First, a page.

Once accepted, how do you choose between colleges?

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Our counselors answered:

Once accepted, how do you choose between colleges?

Scott White
Director of Guidance Montclair High School

Once accepted, how do you choose between colleges?

Pair each eollege accepted into and give a point to the college you would go to if you had the choice between only these two. Go to the college with the most points.

Leah Beasley
President/Founder Beasley College Consulting, LLC

Tips on Making the Big Decision

Visit the college campuses that are on your short list. Even if you've visited the campus before, go again whenever possible! Many colleges offer admitted student programs and these are a great way to gather lots of valuable information about a college. But it's also important to check out the campus on your own. Sit on a class, eat in the cafeteria, visit the residence halls. This is a bit different than previous visits--make sure that you ask any lingering questions about things that are important for you to know to make a well informed decision. At the end of the visit ask yourself two important questions: 1--Do I see myself being happy here? 2--Can I spend the next four years of my life here? Write a list of pros and cons. Just like any other big decision, you need to make sure that you're thoughtful when reviewing your various options. Having students write a comprehensive list of pros and cons (academics, social life, atmosphere, location, etc.) about each college will help make the decision more concrete. Review the list and ask yourself if one college stands out among the other options? Carefully review your financial package. The cost of college has skyrocketed over the past few decades. One year at a private college can cost upwards of $50,000--a four year investment of over $200,000! However, often the sticker price of the institution is NOT what a student will actually pay. Therefore, it's very important that student AND parents sit down to carefully review the financial package that each college has sent to you. Grants and scholarships are GREAT--no need to pay them back. Loans can vary--the best are low interest Federal loans (Stafford and Perkins) and also available are Parent PLUS loans (also a good choice). Many colleges also do not meet 100% of a students need, so you'll need to carefully weigh whether, and how much, going into debt for the particular college is worth it in the long run. If you're unsure about your aid package, contact the financial aid office to ask them to explain it in greater depth. Listen to your gut. Even after a student has done the necessary research on his/her college options, he/she may still be left unsure of which college to choose. I encourage students to listen to their "gut"--does it feel right? If so, celebrate!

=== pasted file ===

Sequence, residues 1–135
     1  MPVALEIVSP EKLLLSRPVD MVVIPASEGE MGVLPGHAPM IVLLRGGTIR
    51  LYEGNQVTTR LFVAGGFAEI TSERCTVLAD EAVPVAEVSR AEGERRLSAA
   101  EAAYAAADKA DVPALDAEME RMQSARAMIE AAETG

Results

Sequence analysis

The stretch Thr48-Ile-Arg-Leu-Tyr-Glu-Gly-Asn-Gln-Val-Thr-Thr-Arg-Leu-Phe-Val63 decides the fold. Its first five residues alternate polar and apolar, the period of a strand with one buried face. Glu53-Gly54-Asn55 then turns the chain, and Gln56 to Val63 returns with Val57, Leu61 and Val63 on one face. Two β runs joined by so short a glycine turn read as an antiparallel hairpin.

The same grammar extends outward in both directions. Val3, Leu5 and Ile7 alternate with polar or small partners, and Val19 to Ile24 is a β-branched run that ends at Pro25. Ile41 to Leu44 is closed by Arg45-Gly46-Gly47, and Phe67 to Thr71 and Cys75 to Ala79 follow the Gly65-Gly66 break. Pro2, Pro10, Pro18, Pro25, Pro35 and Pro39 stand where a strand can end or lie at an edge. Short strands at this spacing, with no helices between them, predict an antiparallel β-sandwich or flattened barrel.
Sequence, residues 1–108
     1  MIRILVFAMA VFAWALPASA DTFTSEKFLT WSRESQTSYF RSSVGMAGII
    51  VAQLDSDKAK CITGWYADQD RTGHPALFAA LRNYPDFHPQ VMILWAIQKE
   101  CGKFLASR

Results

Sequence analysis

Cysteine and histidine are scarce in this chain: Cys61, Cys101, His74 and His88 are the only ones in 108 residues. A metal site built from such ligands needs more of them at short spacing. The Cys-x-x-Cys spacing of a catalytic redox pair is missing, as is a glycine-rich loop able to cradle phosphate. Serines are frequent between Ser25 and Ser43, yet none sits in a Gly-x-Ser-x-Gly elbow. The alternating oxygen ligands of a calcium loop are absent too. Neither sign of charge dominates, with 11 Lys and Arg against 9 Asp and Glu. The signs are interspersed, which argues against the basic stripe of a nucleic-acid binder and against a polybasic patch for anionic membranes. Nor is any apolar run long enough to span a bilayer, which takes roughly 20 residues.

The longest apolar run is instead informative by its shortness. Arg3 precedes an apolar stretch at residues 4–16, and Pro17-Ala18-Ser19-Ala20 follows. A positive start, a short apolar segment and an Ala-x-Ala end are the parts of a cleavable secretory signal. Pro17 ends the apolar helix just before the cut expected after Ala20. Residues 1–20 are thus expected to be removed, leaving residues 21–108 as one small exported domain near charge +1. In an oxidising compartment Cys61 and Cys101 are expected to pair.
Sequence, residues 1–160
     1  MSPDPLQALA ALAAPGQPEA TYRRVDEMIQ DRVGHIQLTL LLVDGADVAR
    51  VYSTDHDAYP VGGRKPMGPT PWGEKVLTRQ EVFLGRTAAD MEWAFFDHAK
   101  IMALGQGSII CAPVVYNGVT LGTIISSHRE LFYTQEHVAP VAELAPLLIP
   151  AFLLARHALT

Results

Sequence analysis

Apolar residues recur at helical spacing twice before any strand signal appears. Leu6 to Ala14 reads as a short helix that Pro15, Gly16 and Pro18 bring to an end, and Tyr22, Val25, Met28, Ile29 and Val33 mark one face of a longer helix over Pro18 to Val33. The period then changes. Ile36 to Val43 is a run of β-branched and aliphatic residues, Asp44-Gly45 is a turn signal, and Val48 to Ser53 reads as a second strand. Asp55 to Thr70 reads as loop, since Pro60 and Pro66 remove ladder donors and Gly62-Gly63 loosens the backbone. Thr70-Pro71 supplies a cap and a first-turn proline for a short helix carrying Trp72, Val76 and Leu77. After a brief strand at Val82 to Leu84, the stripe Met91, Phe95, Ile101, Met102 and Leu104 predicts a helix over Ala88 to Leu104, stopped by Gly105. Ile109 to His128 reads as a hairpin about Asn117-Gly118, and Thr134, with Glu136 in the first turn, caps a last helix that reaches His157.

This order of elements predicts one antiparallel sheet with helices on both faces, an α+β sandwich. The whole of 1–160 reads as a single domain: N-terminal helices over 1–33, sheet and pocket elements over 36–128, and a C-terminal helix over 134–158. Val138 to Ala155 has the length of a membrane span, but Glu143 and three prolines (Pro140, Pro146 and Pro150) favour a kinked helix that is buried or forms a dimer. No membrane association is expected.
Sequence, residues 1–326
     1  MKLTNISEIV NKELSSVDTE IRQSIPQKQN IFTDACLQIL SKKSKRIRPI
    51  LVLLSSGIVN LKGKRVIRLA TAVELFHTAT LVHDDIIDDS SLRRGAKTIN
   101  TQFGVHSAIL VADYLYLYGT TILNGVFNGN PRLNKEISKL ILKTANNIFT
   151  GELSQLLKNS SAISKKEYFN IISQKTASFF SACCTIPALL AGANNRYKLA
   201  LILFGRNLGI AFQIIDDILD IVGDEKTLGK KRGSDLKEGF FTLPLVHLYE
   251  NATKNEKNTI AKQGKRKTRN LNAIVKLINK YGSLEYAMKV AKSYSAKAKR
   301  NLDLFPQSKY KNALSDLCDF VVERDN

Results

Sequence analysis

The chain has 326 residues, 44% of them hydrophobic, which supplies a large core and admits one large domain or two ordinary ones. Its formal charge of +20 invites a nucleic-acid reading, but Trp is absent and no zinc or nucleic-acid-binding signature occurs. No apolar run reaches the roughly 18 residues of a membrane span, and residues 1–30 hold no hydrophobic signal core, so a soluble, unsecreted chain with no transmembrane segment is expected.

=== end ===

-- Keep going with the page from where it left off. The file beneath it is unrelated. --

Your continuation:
CRAIG HELLER
President www.CollegeEssaySolutions.com

You've Been Accepted to Five Schools: Which One Do You Attend?

If you happen to be lucky enough to get accepted to more than one school, it can often be difficult to choose which one to attend. Here are ten ways to make that decision easier. Visit all five schools. Know exactly what degrees they offer and what it takes to get them. Do not make any assumptions. The variables are huge and you must study this rigorously. Decide your preference as far as location (city, rural, East Coast/West), large or small school, social life (Greek or no Greek), athletics (Big Ten school or Division III), and so on. Be honest with yourself. If you have always hated cold weather, the University of Maine might not be for you. It rains a lot in Oregon. Know how you feel about that. Does one of the schools specialize in your area of expertise? A math degree from MIT means a bit more than one from a small unkown college. Try to contact a current student and find out what life on campus is really like. Read, read, read. Subscribe to news feeds from the school. Google like crazy. The more exposure to the school you have, the easier it is to pick up the general atmosphere on campus. Is prestige/ranking important to you? Then factor that in, too. Do you want to be close to home or does it matter? Another factor. Do you have good friends going to one of your schools and not the others? Is this important to you? If so, factor it in. Do you have a gut feeling about one school? Don't ignore it.

Kim Glenchur
Educational Consultant CollegesGPS

Balance two conditions